His next recommendation is that the government should consider undertaking a full impact analysis that will note the reason Canada should take part in the MAI. What the member said about this is shocking and unbelievable. He said it is not practical to have a full impact so early on in negotiations. Imagine saying that it is not practical early on. We have been negotiating this for two years. The government is supposed to sign this in April 1998.

I must remind the government that we are now almost in March 1998. What is he thinking when he says that we cannot have an impact analysis early on? It is absolutely unimaginable. What are they ashamed of and what are they trying to hide?

The next recommendation, and this is the chair of the committee defending these recommendations, is: “In future negotiations regarding matters of as widespread importance”, they acknowledge that as the MAI, “the government should undertake an open and transparent process so that public disclosure and consultations can be carried out in a timely manner”. Imagine that, public disclosure and consultations.

I must look at my notes because I cannot believe what he said about that. He said it is not practical. Can you believe that, coming from this government, that it is not practical to consult with the public? “In a timely manner”, that is what we are talking about.

I have a copy of this wonderful agreement. This is the official copy given to me by the government which it is so proud of it. What is the very first word on it? Confidential. Imagine that. The first word on the top left corner of the agreement is confidential. What is it worth? Why will Liberals not talk to the public about it? They are screaming about this. What are they hiding? I have concerns about it. I can say right now I will not support the MAI because I do not know what members opposite are hiding.

I support free trade agreements. We need free trade agreements. They are good. We need more investment in Canada. Our investors need to be protected. What is the government doing? Why is it so secretive? It is an absolute disgrace. It is shameful.

I do not know what government members are up to, but there is no question they are embarrassed about it and not proud of it. They are so secretive it is incredible.

If the Liberals really care about or really believe in the agreement, why are they not talking about it? They are not proud of it. There is no question they do not believe in it, or they would be telling us about it.

I ask government members to look at what the motion says. It is asking them to be transparent with the people of Canada, to tell them what is in it.

What is the minister's idea of transparency? It is a luncheon at the Chateau Laurier about two blocks away, having a group meeting at lunch and talking to some investors. Those are his consultations with Canada five minutes from parliament. That was his B.C. meeting. It is amazing.

They accuse me of not speaking. I have meetings planned in the greater Victoria area. I have had three or four of them and I have another one next week, a very large one.

Will we see anybody from British Columbia? Will we see their senior member? Will I see Mr. Anderson there? No.

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1:45 p.m.

Liberal

Bob Kilger Liberal Stormont—Dundas, ON

Madam Speaker, I rise on a point of order. We have just come back from the weekend and some members may be on a roll, but we still want to maintain the parliamentary traditions of not referring to ministers by name and directing our comments through the Chair.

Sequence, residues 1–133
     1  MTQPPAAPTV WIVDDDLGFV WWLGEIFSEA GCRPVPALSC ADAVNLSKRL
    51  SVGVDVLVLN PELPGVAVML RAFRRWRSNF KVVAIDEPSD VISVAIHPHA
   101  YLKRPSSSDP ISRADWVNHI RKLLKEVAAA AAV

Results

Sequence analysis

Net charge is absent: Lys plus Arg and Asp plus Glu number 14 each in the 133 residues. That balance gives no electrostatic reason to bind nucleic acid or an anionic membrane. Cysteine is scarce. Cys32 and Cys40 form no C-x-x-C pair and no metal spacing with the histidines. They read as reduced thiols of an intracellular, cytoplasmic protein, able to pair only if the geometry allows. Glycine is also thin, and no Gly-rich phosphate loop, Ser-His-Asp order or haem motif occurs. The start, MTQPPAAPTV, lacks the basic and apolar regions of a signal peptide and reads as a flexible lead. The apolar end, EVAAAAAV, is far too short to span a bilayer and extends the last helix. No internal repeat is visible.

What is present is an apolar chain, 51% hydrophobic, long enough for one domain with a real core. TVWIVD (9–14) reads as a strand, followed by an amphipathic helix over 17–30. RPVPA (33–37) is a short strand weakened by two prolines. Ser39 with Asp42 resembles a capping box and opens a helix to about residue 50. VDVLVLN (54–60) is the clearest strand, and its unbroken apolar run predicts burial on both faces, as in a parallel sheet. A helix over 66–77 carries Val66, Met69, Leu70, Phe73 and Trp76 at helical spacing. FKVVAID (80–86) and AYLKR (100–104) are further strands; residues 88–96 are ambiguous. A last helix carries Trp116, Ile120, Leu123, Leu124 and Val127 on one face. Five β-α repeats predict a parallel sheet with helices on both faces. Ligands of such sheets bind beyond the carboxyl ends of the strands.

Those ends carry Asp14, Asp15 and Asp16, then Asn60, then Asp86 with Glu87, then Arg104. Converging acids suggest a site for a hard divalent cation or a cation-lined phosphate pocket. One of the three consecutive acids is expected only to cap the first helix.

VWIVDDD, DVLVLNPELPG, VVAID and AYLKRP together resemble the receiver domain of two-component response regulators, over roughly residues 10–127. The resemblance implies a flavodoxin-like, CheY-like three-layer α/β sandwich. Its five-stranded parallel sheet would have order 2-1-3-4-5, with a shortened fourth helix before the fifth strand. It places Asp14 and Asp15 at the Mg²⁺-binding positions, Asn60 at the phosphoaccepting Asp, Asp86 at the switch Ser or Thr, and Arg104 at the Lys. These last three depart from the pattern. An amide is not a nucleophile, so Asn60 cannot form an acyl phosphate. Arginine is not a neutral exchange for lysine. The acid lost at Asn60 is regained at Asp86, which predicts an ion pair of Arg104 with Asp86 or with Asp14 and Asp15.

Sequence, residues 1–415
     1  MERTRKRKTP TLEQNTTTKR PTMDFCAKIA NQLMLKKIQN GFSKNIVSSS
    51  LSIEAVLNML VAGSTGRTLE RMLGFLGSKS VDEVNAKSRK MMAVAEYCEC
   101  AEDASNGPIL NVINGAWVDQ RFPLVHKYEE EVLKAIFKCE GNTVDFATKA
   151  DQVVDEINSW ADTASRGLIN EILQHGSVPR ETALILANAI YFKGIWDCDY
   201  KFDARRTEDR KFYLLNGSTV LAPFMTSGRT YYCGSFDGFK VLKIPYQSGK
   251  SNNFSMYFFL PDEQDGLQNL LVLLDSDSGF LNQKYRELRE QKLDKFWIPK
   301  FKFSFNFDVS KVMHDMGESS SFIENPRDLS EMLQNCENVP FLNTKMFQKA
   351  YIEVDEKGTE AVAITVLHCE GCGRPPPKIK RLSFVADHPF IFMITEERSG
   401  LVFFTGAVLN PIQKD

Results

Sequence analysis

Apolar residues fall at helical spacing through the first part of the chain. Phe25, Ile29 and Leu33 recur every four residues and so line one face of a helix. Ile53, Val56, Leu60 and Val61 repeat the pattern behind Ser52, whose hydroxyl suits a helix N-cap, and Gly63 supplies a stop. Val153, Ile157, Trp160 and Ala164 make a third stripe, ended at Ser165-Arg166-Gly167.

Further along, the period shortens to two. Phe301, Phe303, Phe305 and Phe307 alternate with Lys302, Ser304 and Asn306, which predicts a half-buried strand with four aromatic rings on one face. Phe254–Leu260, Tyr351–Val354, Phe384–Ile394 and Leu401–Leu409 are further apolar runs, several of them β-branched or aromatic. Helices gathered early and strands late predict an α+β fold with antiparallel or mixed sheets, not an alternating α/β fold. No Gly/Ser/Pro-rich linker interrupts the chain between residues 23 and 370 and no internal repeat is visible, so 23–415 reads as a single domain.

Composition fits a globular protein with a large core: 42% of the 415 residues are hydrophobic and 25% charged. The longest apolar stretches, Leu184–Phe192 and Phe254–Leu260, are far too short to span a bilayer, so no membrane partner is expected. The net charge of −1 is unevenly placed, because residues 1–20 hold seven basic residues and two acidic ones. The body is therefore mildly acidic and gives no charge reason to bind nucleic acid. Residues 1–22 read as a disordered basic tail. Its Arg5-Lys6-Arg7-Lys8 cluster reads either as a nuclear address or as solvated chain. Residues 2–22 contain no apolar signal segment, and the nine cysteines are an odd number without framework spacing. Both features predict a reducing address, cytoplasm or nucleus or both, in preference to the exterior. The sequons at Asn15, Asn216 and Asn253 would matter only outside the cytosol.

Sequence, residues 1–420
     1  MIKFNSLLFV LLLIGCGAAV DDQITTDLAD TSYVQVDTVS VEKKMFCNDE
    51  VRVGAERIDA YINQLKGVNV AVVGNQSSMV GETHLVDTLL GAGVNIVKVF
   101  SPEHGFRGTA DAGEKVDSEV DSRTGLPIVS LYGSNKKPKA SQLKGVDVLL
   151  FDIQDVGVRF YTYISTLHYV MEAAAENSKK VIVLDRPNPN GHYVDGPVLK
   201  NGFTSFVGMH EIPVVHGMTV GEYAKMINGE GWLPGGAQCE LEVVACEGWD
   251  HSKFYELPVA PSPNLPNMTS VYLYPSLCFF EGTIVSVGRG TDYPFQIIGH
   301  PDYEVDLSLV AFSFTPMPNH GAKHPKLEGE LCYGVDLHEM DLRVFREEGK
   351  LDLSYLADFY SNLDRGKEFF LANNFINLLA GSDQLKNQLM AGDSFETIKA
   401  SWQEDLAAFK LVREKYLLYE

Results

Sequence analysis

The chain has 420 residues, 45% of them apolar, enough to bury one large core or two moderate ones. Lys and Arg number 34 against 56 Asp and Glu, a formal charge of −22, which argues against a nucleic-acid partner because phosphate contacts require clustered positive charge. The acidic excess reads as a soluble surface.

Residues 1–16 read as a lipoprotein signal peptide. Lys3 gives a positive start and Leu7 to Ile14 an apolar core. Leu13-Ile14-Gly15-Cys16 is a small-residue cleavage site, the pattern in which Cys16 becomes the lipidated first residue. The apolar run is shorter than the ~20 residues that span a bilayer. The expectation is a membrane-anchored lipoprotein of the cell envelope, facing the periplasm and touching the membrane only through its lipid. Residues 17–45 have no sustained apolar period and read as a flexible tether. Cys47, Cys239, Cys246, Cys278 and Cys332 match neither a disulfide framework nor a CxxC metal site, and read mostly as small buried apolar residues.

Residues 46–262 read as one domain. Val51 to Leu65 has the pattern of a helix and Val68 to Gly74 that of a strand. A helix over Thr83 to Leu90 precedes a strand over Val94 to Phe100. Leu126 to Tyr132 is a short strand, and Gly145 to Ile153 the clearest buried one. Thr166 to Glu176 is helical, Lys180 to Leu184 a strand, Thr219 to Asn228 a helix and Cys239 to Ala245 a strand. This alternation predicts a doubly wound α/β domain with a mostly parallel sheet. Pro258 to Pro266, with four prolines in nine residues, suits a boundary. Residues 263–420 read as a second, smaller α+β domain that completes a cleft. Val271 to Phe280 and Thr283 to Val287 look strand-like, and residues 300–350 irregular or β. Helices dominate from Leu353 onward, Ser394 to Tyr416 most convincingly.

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1:45 p.m.

The Acting Speaker (Ms. Thibeault)

I must remind the member of that.

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1:45 p.m.

Reform

Gary Lunn Reform Saanich—Gulf Islands, BC

Madam Speaker, I was on a roll and all excited. I did not mean to use the minister's name. I apologize.

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1:45 p.m.

The Acting Speaker (Ms. Thibeault)

Very well.

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1:45 p.m.

Reform

Gary Lunn Reform Saanich—Gulf Islands, BC

Madam Speaker, the committee has been given only three weeks. The Liberals are proud and talk about consultation. All I have heard the minister say in the House is that it has been sent off to committee.

That is the consultation process; it is sent off to committee. Even worse, the idea of the parliamentary secretary on how to communicate with the people of Canada was “We sent a memo to all members of Parliament. Can't you send out a message in your householder?”

Is that how the government will rely on getting a message out, by suggesting to members of Parliament that they use their householders to sell its message? I could not believe those words when they came out of his mouth. It was incredible.

I wonder what the government is doing. This is about transparency. This is not the first time I have prepared speech after speech for the House and the government shut down debate. We could go back to Bill C-2. Time and time again it brought in closure and shut down debate.

The Liberals have to allow for democracy. I will conclude right now by saying that this is about transparency. It is about informing the public and openness. Right now the public is not informed. The government is hiding behind a missing in action agreement we know nothing about. It is time the government came out of the closet and told Canadians what is in the agreement.

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1:45 p.m.

NDP

Judy Wasylycia-Leis NDP Winnipeg North Centre, MB

Madam Speaker, no one in the House disagrees with the idea of having a consultation on an issue as important as the MAI.